The genetic etiology and heritability of left ventricular noncompaction (LVNC) in adults is unclear. This study sought to assess the value of genetic testing in adults with LVNC. Adults diagnosed with LVNC while undergoing screening in the context of a family history of cardiomyopathy were excluded. Clinical data for 35 unrelated patients diagnosed with LVNC at ≥18 years of age were retrospectively analyzed. Left ventricular (LV) dysfunction, electrocardiogram (ECG) abnormalities, cardiac malformations or syndromic features were identified in 25 patients; 10 patients had isolated LVNC in the absence of cardiac dysfunction or syndromic features. Exome sequencing was performed, and analysis using commercial panels targeted 193 nuclear and mitochondrial genes. Nucleotide variants in coding regions or in intron-exon boundaries with predicted impacts on splicing were assessed. Fifty-four rare variants were identified in 35 nuclear genes. Across all 35 LVNC patients, the clinically meaningful genetic diagnostic yield was 9% (3/35), with heterozygous likely pathogenic or pathogenic variants identified in the NKX2-5 and TBX5 genes encoding cardiac transcription factors. No pathogenic variants were identified in patients with isolated LVNC in the absence of cardiac dysfunction or syndromic features. In conclusion, the diagnostic yield of genetic testing in adult index patients with LVNC is low. Genetic testing is most beneficial in LVNC associated with other cardiac and syndromic features, in which it can facilitate correct diagnoses, and least useful in adults with only isolated LVNC without a family history. Cardiac transcription factors are important in the development of LVNC and should be included in genetic testing panels.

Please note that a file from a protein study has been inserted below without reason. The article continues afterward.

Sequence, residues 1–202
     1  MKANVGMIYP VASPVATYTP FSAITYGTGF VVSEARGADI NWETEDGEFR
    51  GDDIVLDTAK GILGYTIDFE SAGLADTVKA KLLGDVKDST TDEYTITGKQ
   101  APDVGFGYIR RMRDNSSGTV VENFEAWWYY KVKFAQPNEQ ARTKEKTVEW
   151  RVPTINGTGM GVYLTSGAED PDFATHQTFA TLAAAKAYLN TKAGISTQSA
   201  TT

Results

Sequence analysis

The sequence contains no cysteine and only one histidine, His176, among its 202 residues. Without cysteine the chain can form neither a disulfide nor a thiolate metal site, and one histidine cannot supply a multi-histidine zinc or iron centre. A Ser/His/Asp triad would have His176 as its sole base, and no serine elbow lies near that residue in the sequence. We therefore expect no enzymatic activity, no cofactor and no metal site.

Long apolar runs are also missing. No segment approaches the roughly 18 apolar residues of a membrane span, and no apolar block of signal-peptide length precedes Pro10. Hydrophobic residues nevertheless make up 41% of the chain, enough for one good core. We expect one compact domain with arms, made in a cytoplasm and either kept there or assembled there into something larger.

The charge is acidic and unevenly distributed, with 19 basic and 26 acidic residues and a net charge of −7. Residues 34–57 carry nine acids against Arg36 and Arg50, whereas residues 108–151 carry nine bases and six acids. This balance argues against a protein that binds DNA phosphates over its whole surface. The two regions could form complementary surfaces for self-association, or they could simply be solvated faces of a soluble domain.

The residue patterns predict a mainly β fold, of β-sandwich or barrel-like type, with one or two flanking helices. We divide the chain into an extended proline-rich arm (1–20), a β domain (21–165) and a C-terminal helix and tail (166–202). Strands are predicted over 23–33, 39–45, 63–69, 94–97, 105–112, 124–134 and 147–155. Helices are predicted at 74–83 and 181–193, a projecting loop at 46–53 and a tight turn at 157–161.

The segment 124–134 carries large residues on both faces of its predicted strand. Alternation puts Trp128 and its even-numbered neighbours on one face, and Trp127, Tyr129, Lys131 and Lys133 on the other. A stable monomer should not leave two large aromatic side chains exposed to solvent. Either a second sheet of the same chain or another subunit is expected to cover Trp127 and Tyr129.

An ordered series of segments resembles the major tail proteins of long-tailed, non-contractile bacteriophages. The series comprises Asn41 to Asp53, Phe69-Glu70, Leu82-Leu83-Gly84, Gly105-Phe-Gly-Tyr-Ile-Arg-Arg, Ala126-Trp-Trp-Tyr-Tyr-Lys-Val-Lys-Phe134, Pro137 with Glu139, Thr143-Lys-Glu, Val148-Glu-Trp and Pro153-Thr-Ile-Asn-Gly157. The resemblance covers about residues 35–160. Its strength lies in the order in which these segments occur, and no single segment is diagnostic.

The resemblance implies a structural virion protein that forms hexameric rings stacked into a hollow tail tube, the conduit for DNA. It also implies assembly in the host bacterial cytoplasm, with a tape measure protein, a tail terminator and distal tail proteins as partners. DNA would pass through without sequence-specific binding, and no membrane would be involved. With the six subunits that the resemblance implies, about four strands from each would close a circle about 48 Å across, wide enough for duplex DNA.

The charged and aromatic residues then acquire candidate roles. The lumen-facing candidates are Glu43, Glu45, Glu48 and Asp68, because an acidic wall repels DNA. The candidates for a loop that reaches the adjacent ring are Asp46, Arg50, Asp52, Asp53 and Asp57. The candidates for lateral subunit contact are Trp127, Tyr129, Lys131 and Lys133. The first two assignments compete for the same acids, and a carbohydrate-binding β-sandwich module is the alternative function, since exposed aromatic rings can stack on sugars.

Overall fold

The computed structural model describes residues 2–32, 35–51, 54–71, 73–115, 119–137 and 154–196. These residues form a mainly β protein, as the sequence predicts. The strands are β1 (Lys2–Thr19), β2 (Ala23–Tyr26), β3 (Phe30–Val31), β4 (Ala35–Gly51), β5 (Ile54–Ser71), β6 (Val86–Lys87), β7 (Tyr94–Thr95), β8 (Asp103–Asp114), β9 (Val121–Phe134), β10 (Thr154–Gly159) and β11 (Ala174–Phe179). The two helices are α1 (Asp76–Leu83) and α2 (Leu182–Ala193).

Keywords: Genetic testing; Genetics research.
© The Author(s) 2020.